Monday, October 25, 2004

Instead of armored vehicles, the Dutch drive vehicles that leave them exposed to the people around them. To encourage interaction with local residents, they go bare-headed and are forbidden to wear mirror sunglasses. Making soldiers accessible and vulnerable to their surroundings increases their security, they contend. Making them inaccessible decreases it.

"You would lose contact with the people," said Lt. Col. Kees Matthijssen, the commander of the Dutch force in Iraq. "In fact, the support and the consent of the people is a form of protection. If you have good contact with the people, if it's easy to talk to the people, people always give you some information. You know what's in their minds, what they're thinking, what's worrying them."

Samawa, one of the quietest spots in Iraq outside the Kurdish north, is a world away from the lawlessness that has spread across Baghdad and other cities. What the Dutch face here cannot be compared with what American soldiers must deal with in the capital or in the Sunni triangle, where they are confronted daily with a deadly resistance.

Yet, perhaps unfairly, the Americans do get compared with the Dutch here, in a way that underscores how difficult it will be for Americans to win back some of the popular support they enjoyed after the fall of Saddam Hussein. American soldiers are not based here, but they regularly make short, though lasting, appearances. American convoys traveling the main highway between Baghdad and Kuwait force their way through Samawa's crowded main street at full speed and, fearful of becoming targets, do not stop even after causing fatal accidents, Dutch and Iraqi officials here say. Worried about car-bombers, American soldiers in armored vehicles point guns at drivers to keep cars away.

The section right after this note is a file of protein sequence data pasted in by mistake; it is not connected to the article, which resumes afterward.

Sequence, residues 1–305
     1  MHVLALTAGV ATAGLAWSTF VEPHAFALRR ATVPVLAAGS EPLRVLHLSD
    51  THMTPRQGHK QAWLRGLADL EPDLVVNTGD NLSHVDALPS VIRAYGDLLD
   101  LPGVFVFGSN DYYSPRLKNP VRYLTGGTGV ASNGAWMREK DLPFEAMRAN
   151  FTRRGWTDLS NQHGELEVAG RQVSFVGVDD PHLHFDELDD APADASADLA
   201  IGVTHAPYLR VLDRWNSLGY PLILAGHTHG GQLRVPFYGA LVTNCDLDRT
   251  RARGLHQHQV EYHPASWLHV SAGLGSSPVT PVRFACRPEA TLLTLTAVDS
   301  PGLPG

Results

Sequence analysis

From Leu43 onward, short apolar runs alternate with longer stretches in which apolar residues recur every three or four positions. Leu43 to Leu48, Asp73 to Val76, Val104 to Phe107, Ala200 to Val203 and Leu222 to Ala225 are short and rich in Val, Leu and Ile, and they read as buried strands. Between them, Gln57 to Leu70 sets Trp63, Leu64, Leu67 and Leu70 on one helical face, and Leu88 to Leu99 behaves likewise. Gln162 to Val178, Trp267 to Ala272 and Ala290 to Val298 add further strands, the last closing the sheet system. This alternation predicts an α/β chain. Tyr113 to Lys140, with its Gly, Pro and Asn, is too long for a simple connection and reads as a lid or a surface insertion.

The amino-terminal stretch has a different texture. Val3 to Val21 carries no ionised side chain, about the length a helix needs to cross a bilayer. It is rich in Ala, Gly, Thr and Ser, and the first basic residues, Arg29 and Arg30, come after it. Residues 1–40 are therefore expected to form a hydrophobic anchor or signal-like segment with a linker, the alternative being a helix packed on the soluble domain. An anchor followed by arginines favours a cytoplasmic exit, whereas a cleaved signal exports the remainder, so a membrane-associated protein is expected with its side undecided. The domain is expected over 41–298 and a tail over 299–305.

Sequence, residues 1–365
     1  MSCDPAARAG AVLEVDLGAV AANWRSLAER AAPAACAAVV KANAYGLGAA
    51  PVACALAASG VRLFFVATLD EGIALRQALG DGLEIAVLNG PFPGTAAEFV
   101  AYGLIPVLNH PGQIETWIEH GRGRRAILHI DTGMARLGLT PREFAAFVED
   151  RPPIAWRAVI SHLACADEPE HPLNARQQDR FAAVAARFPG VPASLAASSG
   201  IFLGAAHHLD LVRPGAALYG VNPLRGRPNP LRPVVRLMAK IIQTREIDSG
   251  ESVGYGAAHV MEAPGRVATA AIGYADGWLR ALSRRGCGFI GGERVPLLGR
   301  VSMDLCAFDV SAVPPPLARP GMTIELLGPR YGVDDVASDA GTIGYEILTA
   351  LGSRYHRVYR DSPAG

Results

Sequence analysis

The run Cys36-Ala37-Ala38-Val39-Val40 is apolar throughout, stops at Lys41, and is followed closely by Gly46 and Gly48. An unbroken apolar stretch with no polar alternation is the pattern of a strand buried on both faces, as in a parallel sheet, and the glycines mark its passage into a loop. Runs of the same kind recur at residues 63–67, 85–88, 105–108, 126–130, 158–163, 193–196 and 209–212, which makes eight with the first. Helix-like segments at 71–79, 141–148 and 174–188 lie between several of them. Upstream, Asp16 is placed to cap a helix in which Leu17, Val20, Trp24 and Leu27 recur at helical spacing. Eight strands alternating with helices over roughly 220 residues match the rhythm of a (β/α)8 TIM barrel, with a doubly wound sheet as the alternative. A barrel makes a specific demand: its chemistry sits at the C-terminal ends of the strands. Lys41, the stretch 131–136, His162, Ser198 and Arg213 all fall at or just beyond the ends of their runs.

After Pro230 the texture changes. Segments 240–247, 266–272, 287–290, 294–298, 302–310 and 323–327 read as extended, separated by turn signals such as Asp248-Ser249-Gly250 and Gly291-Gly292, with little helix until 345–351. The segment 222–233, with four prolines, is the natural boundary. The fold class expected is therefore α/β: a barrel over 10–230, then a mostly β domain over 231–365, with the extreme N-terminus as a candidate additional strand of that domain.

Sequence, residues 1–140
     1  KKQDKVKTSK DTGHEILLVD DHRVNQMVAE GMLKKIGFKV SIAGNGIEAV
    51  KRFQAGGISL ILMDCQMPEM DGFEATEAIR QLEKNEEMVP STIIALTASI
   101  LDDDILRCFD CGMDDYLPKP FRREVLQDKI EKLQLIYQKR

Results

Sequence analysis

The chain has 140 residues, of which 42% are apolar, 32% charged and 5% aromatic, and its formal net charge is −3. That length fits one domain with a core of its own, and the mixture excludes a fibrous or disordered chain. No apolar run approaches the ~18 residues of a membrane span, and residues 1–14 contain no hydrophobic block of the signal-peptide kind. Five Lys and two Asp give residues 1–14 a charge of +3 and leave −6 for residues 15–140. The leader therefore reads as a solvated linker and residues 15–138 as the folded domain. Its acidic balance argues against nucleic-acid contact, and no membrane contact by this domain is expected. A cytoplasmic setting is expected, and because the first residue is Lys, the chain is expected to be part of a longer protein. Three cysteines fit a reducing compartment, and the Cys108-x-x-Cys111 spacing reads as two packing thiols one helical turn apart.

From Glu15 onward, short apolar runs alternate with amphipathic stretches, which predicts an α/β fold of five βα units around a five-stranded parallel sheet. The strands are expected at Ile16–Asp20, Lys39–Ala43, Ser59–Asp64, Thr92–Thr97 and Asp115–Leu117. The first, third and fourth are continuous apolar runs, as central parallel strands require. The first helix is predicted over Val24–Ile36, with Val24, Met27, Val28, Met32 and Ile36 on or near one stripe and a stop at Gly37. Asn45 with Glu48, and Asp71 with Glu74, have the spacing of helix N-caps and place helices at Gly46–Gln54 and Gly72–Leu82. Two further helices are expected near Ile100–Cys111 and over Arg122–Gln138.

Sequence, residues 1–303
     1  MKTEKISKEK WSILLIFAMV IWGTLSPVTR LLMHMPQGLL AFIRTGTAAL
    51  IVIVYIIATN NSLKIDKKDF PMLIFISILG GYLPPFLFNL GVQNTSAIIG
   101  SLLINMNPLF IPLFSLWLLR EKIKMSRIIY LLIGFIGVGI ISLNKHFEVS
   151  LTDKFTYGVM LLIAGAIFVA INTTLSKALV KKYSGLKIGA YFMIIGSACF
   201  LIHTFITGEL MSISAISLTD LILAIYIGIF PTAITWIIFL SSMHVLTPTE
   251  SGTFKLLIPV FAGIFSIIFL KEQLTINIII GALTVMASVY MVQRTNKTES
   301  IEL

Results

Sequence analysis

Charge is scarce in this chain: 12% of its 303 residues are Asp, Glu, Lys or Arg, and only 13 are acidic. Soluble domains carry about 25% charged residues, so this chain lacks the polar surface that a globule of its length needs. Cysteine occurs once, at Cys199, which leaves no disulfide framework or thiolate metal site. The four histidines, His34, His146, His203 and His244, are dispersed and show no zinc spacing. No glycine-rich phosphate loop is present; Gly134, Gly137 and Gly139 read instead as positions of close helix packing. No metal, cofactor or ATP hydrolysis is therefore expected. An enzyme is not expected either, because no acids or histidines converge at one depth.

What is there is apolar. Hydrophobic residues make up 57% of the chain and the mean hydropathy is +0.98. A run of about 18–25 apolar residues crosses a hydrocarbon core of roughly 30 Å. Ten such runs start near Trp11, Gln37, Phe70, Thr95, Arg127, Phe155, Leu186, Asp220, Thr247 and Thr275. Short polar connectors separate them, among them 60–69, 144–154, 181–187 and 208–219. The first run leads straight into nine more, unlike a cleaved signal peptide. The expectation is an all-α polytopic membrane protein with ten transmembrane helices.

...Karim Hleibit al-Zayad, the police chief here, made a clear distinction between the Dutch and Americans: "The Dutch have tried seriously to understand our traditions. We do not view them as an occupying force, but a friendly one. The Americans are an occupying force. I agree they helped us get rid of the past regime, but they should not take away our dignity."

In Samawa, Chief Zayad and others here said, the American convoys represent the greatest affront to Iraqi dignity. The Dutch and Iraqis say the convoys indiscriminately hit private cars and pedestrians, treating Iraqis only as obstacles to be removed. A few weeks ago, one such convoy struck a car, killing two Iraqi passengers and injuring three, the Dutch said. The convoy never stopped.

Because of the convoys, "dislike is growing" for the Americans, Colonel Matthijssen said.

"Of course, an American is a different type of human than a Dutchman," the colonel said. "We have our own culture. But I think the Americans could have a way of operating with more respect and more understanding toward the population."

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